The Museum of Contemporary Arts

Sam McMullin, Staff Writer

Museums are not  only for artists, but those seeking inspiration or an escape. Located on 20 S. West Temple, in Salt Lake is The Museum of Contemporary Arts. The current exhibitions challenge the society so many live in. They look at the legitimacy of private property and human interaction.

Artist Daniel Everett has an exhibition called “Security Questions.” In his pieces he attempts to convey a message that so many are living in a society that dehumanizes the human experience. Many websites have security questions to make sure that you’re human, but in reality, these questions are just going into an algorithm and making your experience nothing more than data. Everett’s stunning collages and photos allow for one to think more deeply about how society functions.

The main gallery, “Working Hard to be Useless,” expresses the issues of public property. This is a temporary exhibition which is only open till December 22, 2018. The artists that participated in this exhibit include Aaron Hegert, Alex Villar, Amy Yoes, Krista Svalbonas, Lynn Richardson, Mark Schatz, Mowry Baden, Nathaniel Russell, Nils Norman, Sara Ross, and Thuy-Van Vu. What’s known as public property really isn’t as public as it might appear. It shows how different structures around cities are made so that people don’t sit there or how there are random bumps put into ledges so that skateboarders can’t use them. This exhibit shows things that are seen on a daily basis, but not necessarily questioned. Why are there fences in front of single doors? Or what is the reasoning behind having spikes on certain ledges?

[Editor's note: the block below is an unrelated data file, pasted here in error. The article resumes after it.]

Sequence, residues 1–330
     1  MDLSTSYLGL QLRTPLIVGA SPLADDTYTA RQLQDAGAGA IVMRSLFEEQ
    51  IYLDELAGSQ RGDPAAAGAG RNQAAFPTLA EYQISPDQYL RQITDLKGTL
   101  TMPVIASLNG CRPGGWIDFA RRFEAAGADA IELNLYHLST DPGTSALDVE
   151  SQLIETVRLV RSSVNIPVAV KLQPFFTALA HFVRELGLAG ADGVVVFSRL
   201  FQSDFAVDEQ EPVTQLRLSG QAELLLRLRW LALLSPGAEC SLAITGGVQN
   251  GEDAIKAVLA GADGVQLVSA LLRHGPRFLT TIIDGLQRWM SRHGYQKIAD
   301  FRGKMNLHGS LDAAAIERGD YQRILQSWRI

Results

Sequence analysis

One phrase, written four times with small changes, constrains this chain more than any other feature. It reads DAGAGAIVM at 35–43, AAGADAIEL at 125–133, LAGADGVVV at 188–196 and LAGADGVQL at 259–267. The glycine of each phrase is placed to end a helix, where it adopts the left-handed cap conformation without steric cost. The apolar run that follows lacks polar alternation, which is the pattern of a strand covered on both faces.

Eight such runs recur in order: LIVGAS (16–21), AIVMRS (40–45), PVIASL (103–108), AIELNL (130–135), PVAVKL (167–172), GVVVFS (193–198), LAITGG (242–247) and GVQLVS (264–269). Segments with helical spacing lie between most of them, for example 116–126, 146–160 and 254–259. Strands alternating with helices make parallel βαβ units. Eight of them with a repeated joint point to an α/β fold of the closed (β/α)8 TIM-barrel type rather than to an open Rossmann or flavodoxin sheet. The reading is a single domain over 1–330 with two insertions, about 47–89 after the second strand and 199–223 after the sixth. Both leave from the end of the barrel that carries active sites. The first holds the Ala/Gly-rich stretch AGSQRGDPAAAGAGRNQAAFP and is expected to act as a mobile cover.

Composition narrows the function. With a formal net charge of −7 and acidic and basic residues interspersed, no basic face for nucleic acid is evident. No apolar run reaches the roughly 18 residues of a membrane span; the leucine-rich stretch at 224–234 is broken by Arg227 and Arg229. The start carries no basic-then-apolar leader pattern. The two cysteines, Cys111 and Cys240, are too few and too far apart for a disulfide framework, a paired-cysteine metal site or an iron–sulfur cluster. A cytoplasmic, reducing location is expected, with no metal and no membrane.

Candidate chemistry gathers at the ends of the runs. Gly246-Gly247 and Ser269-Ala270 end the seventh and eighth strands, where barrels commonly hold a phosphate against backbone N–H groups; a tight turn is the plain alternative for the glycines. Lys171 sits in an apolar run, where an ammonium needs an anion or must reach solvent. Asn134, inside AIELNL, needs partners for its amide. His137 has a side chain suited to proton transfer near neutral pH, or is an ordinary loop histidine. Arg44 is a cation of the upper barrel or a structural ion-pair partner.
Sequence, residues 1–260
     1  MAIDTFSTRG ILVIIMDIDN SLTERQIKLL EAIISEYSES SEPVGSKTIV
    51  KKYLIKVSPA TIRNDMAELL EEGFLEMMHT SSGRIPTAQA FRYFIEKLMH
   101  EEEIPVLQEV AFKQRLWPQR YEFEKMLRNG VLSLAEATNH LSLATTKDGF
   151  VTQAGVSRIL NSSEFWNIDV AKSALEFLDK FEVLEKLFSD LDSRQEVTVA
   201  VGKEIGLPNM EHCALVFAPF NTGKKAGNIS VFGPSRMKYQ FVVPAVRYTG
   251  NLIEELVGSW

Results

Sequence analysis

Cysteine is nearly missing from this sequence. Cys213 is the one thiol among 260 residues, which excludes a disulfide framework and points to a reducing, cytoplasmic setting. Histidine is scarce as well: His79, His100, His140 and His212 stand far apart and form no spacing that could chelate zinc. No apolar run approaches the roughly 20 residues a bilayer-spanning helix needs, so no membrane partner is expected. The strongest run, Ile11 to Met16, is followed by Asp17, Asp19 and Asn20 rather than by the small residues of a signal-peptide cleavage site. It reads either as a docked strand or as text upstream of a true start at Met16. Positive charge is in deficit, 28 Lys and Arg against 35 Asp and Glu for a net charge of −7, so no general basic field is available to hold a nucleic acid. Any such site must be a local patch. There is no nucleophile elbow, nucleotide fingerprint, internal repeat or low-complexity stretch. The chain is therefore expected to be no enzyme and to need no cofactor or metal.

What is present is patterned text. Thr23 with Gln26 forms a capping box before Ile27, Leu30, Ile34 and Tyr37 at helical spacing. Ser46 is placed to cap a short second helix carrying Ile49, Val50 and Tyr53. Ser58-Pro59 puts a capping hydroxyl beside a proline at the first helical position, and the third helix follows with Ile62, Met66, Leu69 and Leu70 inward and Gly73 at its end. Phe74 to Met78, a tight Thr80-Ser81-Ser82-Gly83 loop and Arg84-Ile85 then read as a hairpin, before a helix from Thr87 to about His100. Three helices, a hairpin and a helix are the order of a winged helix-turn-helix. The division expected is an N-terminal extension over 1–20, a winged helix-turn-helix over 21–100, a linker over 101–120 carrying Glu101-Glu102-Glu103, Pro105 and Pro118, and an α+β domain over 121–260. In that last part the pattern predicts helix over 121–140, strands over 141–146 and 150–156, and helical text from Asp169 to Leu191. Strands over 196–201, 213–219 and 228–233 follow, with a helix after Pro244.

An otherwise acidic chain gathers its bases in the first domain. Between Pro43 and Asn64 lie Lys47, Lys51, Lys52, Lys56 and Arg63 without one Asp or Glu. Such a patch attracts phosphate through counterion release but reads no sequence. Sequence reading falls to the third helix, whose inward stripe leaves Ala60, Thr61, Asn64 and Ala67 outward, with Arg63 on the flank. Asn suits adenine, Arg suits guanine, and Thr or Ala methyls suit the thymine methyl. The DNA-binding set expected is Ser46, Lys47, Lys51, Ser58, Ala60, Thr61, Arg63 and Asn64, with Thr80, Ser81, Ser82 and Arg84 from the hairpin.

There is an exhibition there called, “Stack of Forms” by JP Orquiz. Normal pieces of paper are arranged across the walls. It’s not clear what the papers read, but each one is covered top to bottom in black text. Approaching the first one reveals that the dozens of papers are forms and documents that are part of the immigration process. It shows the overwhelming stress that must come from that particular process. JP’s exhibition like the others there convey a message and set an environment for individuals to be educated and inspired.

The museum is a nonprofit so there is no entrance fee, but a $5 donation is suggested. The time spent there is all dependent on what the individual wants to get out of it. Contemporary art, unlike traditional art, is made to express current day emotions and look at present issues. It is a place where one can be filled with inspiration and dive into another’s head.

Utah Museum of Contemporary Art

20 S. West Temple

Salt Lake City, UT 84101


Closed Sun & Mon

Tue – Thu: 11 am – 6 pm

Fri: 11 am – 9 pm

Sat: 11 am – 6 pm